History

From an article in the Truth Seeker magazine from January and
February, 2015. Go to www.thetruthseeker.net for other articles
related to Paine and the history of free thought in America.

The Thomas Paine National Historical Association: Freethought, Anarchism, and the Struggle for Free Speech - Part I

by Gary Berton, Secretary of the Thomas Paine National Historical Association Coordinator of the Institute for Thomas Paine Studies at Iona College

The Thomas Paine National Historical Association (TPNHA) was created in the late 19th century by leading progressives in the midst of the Gilded Age. The creation was both a political and an historic achievement which had a meaningful impact. In that period of American history, the activists for labor, woman’s rights, social justice, and freethought tended to co-exist in the same organization, and even in the same person. Progressives were multi-tasking, serving on, or writing for, freethinking organizations, political action groups, suffrage movements, civil rights groups, and labor groups and parties. It was a period of great transition as the country and economy moved into a new era of capitalist extremes, and the response by progressive people and intellectuals to the transition took the form of organizing these associations.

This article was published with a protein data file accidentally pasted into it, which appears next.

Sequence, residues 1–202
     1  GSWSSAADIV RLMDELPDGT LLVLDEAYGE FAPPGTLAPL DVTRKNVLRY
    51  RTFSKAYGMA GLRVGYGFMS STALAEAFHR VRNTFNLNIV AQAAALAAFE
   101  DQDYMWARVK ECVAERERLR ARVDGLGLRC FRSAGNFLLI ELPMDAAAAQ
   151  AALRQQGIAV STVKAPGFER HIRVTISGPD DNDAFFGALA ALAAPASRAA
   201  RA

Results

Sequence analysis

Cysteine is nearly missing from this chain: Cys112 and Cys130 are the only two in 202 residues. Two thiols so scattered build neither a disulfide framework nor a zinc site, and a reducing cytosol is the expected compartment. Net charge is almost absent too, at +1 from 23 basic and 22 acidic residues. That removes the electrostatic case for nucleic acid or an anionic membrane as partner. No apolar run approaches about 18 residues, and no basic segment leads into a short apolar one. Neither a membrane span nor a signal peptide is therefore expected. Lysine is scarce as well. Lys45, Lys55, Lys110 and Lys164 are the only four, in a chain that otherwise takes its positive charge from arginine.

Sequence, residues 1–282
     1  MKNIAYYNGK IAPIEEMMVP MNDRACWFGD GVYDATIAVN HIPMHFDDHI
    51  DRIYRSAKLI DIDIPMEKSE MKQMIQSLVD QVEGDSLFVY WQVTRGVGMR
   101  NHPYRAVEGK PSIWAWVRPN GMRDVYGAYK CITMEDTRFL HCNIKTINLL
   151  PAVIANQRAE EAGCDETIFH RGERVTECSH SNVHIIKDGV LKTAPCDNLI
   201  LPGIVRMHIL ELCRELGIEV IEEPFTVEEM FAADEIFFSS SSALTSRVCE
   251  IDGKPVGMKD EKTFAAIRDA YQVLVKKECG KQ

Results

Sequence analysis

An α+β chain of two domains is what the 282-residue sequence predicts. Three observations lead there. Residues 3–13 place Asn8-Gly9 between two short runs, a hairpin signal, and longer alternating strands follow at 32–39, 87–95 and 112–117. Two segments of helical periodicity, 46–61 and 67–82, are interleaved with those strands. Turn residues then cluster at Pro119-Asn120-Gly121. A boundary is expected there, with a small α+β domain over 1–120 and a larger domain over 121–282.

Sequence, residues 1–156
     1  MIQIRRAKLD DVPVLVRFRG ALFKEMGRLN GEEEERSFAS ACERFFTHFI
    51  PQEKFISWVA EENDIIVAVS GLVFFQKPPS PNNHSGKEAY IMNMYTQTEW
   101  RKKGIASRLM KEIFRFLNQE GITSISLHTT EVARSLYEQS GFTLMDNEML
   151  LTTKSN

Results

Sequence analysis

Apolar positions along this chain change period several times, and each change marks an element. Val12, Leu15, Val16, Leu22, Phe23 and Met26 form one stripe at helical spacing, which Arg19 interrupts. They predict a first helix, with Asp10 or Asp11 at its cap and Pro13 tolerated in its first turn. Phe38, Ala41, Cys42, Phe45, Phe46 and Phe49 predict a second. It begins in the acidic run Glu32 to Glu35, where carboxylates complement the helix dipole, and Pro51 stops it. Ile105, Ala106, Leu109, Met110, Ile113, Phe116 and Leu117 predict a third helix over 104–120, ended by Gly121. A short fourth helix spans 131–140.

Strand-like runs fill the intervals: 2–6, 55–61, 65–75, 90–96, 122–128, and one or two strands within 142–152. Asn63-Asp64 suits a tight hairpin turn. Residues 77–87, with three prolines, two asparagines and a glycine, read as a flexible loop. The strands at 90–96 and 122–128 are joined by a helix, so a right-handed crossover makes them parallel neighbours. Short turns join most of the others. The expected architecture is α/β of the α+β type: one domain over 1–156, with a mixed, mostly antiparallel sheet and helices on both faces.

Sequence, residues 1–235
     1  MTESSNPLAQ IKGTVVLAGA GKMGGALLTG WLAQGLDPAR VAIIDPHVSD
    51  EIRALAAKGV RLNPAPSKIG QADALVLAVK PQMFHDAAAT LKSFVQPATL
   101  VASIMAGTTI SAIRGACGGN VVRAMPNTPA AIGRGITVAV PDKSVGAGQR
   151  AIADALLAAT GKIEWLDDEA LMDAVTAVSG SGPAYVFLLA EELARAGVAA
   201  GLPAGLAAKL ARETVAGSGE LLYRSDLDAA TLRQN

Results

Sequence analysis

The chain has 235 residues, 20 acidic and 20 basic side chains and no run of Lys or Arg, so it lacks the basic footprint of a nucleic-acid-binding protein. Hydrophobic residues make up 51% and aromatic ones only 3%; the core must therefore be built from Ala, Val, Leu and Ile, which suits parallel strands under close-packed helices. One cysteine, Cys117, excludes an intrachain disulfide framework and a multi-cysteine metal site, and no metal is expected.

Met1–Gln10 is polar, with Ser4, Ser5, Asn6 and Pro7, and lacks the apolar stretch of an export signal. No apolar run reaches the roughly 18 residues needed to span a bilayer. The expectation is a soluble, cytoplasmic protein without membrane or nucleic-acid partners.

The focal point of much of the progressive activist work was the Comstock Act of 1873 for the "Suppression of Trade in, and Circulation of, Obscene Literature and Articles of Immoral Use." This included any contraception information, and philosophies that supported them, like free thinking. Anti-religious organizations, as well as free speech advocates, became a target of the government. These groups had in common their opposition to religious dogma, including the suppression of women’s rights. It served also to reinforce anarchist ideas and free speech advocacy in reaction, and it added a dimension to a growing socialist movement. As a result people like D.M. Bennett, founder and editor of the Truth Seeker, Ezra Heywood, editor of the Word, and others were arrested and jailed under the Comstock Act. It was in the wake of this political struggle that TPNHA was formed and led by a leading organizer against the Comstock Act and its enforcement – Thaddeus Wakeman.